Letter to the Editor, by Tom Moon
RIO DE JANEIRO, BRAZIL – It was nearly 2AM on an average Wednesday, and the crowds around Lapa were beginning to thin out. I was walking with a friend from New York who is now living in Rio, talking about the mega-events and the opportunities that are opening up in many aspects of life there.
We’d been to the Rio Scenarium and Vaca Atolada and a few other wonderful clubs, and as we looked at the solid, sometimes grand buildings lining the street, I couldn’t help indulging in a little dreaming: Why not another spot for live music, right here? If not a full club with a production stage, why not a coffee shop with a duo in the corner? The possibilities seemed endless.
My friend, who’d worked in the music business in the US, gently reminded me that the challenges associated with the live music economy – high rents, unpredictable income streams, the red tape that can stall the licensing process, etc. – are the same all over the world.
To which I replied: Yes, but this is Brazil. Where seemingly impossible things are becoming real every day. And, crucially, music occupies a unique place – as daily heartbeat and cultural legacy, a shared history that’s integral to most visions of the future.
It’s almost impossible to avoid; just strolling Copacabana beach in the afternoon, you experience the wonders of samba de roda at one beach kiosk, an incredibly inventive guitarist reworking “Mas Que Nada” at the next. Many of these will not cost money—but they will contribute meaningfully to the overall impression the city leaves on its visitors.
The question, it seems to me, is how to create more of those encounters. I’d come to Brazil specifically to experience music in as many places as I could find it, and I was not disappointed: Every day, I was struck by the technical mastery and deep sensitivity of the musicians – regardless of style or venue.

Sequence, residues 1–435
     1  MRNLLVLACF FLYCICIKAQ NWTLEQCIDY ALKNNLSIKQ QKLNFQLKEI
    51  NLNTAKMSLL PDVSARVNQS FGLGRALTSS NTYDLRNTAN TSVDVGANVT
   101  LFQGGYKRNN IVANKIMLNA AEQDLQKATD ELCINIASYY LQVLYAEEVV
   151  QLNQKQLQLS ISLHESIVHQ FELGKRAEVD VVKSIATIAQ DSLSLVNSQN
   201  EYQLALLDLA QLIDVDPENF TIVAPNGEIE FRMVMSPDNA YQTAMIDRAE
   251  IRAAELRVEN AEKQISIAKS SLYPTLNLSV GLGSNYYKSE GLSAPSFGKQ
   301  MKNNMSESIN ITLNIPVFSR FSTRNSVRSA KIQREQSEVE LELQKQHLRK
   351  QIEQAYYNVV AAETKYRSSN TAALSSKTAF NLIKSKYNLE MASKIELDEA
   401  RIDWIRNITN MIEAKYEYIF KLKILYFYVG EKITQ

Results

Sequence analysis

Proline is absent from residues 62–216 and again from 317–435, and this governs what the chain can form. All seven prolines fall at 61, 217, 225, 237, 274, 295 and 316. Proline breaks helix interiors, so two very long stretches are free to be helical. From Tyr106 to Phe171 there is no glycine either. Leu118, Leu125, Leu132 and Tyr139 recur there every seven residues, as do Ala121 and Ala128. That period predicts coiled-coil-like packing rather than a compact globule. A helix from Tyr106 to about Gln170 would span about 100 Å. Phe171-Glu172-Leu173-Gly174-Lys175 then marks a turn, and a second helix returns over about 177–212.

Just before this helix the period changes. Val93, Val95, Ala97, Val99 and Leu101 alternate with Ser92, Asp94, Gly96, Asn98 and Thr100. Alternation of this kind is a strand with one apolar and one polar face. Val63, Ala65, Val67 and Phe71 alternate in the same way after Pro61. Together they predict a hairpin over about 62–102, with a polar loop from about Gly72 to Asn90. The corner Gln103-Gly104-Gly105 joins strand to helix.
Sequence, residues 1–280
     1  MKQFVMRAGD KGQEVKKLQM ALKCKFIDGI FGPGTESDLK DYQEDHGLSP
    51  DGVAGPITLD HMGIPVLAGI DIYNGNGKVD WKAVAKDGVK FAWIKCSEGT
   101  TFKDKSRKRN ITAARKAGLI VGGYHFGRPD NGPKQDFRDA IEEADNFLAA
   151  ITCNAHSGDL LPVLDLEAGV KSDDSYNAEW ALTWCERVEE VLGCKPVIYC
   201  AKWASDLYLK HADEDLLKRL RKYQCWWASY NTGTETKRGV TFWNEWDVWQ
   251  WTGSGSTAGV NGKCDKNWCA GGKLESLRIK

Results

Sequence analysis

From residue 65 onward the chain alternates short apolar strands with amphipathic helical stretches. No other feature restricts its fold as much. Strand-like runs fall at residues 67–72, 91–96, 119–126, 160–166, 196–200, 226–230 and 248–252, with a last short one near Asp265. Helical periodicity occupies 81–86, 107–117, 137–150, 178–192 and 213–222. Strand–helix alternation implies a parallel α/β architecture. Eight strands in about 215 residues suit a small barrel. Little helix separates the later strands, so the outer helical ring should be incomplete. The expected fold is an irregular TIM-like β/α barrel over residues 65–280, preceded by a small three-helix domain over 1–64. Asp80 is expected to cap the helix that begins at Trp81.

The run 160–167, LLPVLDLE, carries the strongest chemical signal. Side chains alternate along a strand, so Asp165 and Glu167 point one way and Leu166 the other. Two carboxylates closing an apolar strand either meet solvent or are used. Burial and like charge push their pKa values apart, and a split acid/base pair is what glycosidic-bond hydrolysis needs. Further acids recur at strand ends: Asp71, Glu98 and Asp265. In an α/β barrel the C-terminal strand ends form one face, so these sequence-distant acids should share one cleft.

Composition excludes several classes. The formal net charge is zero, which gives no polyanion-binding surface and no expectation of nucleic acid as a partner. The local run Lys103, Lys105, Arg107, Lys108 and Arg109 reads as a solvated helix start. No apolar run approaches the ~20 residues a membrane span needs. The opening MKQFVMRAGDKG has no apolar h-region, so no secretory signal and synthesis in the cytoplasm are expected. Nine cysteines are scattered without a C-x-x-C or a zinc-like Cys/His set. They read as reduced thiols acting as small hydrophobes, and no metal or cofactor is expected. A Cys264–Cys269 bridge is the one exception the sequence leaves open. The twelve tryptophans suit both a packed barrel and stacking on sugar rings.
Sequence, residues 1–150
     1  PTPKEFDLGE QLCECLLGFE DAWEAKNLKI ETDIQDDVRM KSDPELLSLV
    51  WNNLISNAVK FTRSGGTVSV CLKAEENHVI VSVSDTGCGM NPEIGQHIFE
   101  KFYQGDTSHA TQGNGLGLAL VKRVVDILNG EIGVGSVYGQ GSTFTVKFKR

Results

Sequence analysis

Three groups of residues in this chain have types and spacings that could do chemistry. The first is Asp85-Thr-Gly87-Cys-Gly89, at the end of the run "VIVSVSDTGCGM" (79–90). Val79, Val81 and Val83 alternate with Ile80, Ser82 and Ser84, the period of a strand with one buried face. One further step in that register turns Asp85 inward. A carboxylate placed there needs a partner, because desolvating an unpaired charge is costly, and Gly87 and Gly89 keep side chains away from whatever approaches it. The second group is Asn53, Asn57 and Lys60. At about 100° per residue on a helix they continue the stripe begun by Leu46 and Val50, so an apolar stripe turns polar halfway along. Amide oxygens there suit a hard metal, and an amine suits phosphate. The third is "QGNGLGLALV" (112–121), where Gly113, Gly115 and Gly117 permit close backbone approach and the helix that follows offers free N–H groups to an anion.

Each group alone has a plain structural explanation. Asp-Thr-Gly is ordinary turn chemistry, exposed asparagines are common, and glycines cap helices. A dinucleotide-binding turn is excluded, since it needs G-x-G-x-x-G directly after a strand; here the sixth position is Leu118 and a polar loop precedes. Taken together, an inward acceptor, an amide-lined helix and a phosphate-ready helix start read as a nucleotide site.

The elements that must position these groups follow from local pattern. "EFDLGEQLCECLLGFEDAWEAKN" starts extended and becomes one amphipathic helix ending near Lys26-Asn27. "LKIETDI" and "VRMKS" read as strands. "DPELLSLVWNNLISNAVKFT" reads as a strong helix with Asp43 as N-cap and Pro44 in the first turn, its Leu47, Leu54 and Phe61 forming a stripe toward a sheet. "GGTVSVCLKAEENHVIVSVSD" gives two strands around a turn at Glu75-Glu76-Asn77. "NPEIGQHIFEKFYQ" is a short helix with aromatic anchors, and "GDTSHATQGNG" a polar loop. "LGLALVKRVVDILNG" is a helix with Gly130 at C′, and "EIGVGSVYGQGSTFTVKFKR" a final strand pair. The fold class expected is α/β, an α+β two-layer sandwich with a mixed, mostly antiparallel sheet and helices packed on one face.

When I talked with the musicians, many seemed to sing the same refrain: There’s an abundance of creativity and a shortage of places that showcase such creativity, the same imbalance that exists in New York and other big cities.
These players explained that the Brazilian government’s cultural initiatives offer some opportunities for performances. But I kept returning to the private sector. It seems to me the best way to cultivate and expand a scene is through investment – not just financial, but also ideological, a commitment to presenting art as a civilizing act, a way of enhancing the quality of life. The clubs of Rio are already doing this; the musicians I spoke with just long for more such places.
I’m not talking about lavish spending on expensive décor, I’m talking about creating spaces where ordinary people can come face-to-face with extraordinary talent. In this view, a cozy and down-to-earth spot like Vaca Atolada can serve as a model: On my first night in Rio, my friends insisted we stop by, and then had to pry me away three hours later, just when it seemed like the band and its devoted audience were shifting into yet another impossibly high-revving gear.
For an outsider, this was a window into a magic world – where suit-wearing businessmen dance with grandmothers, and young men of the hip-hop generation wear Cartola t-shirts and sing old samba songs.
In that place, I had the distinct sense that while music culture might not add up to mega-event dollars, it’s still a precious thing, arguably more impactful than ticketed events on the lives of both tourists and local residents.
Rio’s music is an awesome, ever-changing, endlessly renewing resource – it doesn’t need to be propped up with lofty grant funded acts of “preservation.” It could, however, benefit from some nurture and care, and the unstoppable entrepreneurial energy that’s on the loose all over the city.
Tom Moon is a contributor to National Public Radio’s All Things Considered, and the author of 1000 Recordings To Hear Before You Die. He lives in Philadelphia, PA.